Apple Pro Mouse

Year Model: 2000
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    Description
    The Apple Mouse (originally branded as the Apple Pro Mouse) was introduced in July 2000 at the Macworld Conference & Expo in New York City. Apple Computer was the first company to ship an optical mouse as the standard input device with all its desktops.[1] While the industrial design of the Pro Mouse was handled entirely by Apple's in-house designers, some of the hardware has been engineered by Sparkfactor Design.[2] The Pro Mouse was included with the Power Mac G4 Cube, also introduced at that year's Macworld. Apple was the first company to use USB mice and keyboards exclusively when they introduced the "hockey-puck" mouse with the original iMac G3 in May 1998. Like the "hockey-puck" mouse and all future mice Apple would make, the Apple Pro Mouse was a USB mouse with a much shorter cord than its ADB predecessors, its 2-foot cord was designed to plug neatly into one of the two ports of the Apple Pro Keyboard's built-in USB hub. The Apple Pro Mouse also featured a unique mechanism to allow for three click force settings for the required pressure to click the mouse. The Apple Pro Mouse was originally released on the iMac G3 "Snow."

    Combined with a rising tide of suggestions that Apple switch to a typical two-button wheel mouse for their pack-in bundles, the unique design of the Pro Mouse's body inspired jokes that Apple had made a zero-button mouse in response.[3]

    The original Pro Mouse was available only in black, which matched the black Apple Pro Keyboard. It was not until later that the mouse cable was available in white with the debut of the Power Mac G4 MDD 2003, a revision which also solved reliability problems with a more rugged cord and improved stress relief. In May 2003, the mouse and keyboard were both redesigned, though the exterior of the mouse had few noticeable changes: Apple dropped the "Pro" from the name, and removed the ability to control the firmness of click in the Apple Mouse. From then on, the Pro Mouse was known simply as the "Apple Mouse." This white mouse was later included with the Power Mac G5, the eMac, and the iMac G4 and G5.
    Color
    White,Clear
    Specs
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    Apple Computer was the first company to ship an optical mouse as the standard input device with all its desktops.While the industrial design of the Pro Mouse was handled entirely by Apple's in-house designers, some of the hardware has been engineered by Sparkfactor Design. The Pro Mouse was included with the Power Mac G4 Cube, also introduced at that year's Macworld. Apple was the first company to use USB mice and keyboards exclusively when they introduced the "hockey-puck" mouse with the original iMac G3 in May 1998. Like the "hockey-puck" mouse and all future mice Apple would make, the Apple Pro Mouse was a USB mouse with a much shorter cord than its ADB predecessors, its 2-foot cord was designed to plug neatly into one of the two ports of the Apple Pro Keyboard's built-in USB hub. The Apple Pro Mouse also featured a unique mechanism to allow for three click force settings for the required pressure to click the mouse. The Apple Pro Mouse was originally released on the iMac G3 "Snow."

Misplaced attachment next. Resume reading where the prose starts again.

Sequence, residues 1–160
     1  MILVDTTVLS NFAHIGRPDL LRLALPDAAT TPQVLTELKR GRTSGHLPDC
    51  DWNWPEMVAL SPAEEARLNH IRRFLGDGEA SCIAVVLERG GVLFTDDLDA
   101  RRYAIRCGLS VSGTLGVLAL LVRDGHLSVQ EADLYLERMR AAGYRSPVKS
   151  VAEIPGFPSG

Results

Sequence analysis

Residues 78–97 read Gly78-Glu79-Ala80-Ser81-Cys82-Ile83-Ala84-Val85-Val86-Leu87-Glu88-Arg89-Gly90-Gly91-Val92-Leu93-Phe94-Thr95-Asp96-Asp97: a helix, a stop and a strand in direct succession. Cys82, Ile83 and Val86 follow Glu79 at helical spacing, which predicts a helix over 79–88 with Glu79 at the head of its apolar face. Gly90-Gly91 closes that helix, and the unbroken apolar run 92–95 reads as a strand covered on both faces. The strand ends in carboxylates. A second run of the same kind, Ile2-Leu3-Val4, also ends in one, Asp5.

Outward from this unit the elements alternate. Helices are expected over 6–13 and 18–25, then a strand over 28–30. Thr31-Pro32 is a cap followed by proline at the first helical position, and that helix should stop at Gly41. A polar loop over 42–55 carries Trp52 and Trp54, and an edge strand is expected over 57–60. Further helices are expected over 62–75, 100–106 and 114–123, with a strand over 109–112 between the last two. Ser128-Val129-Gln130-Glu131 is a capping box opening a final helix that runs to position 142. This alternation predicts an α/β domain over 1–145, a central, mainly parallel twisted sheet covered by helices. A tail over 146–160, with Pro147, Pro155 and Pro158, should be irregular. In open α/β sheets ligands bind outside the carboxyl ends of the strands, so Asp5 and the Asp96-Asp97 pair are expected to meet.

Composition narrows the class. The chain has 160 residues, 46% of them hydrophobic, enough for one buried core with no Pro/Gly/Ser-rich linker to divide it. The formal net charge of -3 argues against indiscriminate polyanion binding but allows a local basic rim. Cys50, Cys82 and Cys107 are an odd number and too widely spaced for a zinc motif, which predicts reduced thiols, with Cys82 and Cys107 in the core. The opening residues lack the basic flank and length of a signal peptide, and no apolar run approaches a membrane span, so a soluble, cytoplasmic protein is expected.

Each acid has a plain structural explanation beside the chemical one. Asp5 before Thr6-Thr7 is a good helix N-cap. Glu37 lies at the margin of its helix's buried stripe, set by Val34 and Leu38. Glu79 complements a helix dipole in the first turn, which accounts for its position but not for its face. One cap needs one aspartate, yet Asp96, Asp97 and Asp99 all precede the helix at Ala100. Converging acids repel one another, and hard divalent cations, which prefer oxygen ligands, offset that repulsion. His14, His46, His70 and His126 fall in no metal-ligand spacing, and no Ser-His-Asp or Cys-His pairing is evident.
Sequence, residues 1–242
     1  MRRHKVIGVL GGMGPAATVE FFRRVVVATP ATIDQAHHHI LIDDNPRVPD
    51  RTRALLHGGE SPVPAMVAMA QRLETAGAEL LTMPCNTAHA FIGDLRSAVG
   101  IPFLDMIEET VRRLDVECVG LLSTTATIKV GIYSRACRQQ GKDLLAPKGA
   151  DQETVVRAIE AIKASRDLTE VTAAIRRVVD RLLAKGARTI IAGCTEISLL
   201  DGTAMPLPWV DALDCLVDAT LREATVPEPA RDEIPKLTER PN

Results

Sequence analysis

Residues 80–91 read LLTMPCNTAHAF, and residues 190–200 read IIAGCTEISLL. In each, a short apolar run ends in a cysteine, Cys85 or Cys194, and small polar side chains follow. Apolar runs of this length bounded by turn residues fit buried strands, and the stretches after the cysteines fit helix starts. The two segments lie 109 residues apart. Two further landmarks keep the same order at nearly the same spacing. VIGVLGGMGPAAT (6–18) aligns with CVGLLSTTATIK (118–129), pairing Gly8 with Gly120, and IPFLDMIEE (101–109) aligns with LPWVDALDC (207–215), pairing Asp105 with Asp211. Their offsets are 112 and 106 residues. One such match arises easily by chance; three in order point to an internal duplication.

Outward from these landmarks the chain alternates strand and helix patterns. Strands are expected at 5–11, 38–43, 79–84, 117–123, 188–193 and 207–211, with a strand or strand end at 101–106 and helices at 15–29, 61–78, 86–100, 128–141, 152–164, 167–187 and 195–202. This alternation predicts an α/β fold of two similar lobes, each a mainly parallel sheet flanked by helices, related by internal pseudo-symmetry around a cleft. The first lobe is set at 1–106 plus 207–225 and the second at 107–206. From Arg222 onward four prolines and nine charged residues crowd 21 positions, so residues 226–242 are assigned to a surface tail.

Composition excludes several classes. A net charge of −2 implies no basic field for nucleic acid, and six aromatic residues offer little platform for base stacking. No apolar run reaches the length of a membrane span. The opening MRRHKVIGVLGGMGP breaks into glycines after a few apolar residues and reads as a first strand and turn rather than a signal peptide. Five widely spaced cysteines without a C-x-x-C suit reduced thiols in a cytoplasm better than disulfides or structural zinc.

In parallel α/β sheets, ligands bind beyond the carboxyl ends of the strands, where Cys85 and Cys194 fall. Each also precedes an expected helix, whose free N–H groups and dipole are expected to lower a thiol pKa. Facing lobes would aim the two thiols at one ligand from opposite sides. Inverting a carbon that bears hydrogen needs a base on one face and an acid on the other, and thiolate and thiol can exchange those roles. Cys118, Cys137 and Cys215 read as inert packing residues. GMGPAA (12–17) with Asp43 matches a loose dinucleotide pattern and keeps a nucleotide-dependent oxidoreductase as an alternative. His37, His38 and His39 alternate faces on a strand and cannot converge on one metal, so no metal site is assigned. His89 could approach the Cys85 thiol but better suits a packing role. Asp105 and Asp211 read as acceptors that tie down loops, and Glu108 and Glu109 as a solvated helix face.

Combined with a rising tide of suggestions that Apple switch to a typical two-button wheel mouse for their pack-in bundles, the unique design of the Pro Mouse's body inspired jokes that Apple had made a zero-button mouse in response.

    The original Pro Mouse was available only in black, which matched the black Apple Pro Keyboard. It was not until later that the mouse cable was available in white with the debut of the Power Mac G4 MDD 2003, a revision which also solved reliability problems with a more rugged cord and improved stress relief. In May 2003, the mouse and keyboard were both redesigned, though the exterior of the mouse had few noticeable changes: Apple dropped the "Pro" from the name, and removed the ability to control the firmness of click in the Apple Mouse. From then on, the Pro Mouse was known simply as the "Apple Mouse." This white mouse was later included with the Power Mac G5, the eMac, and the iMac G4 and G5.
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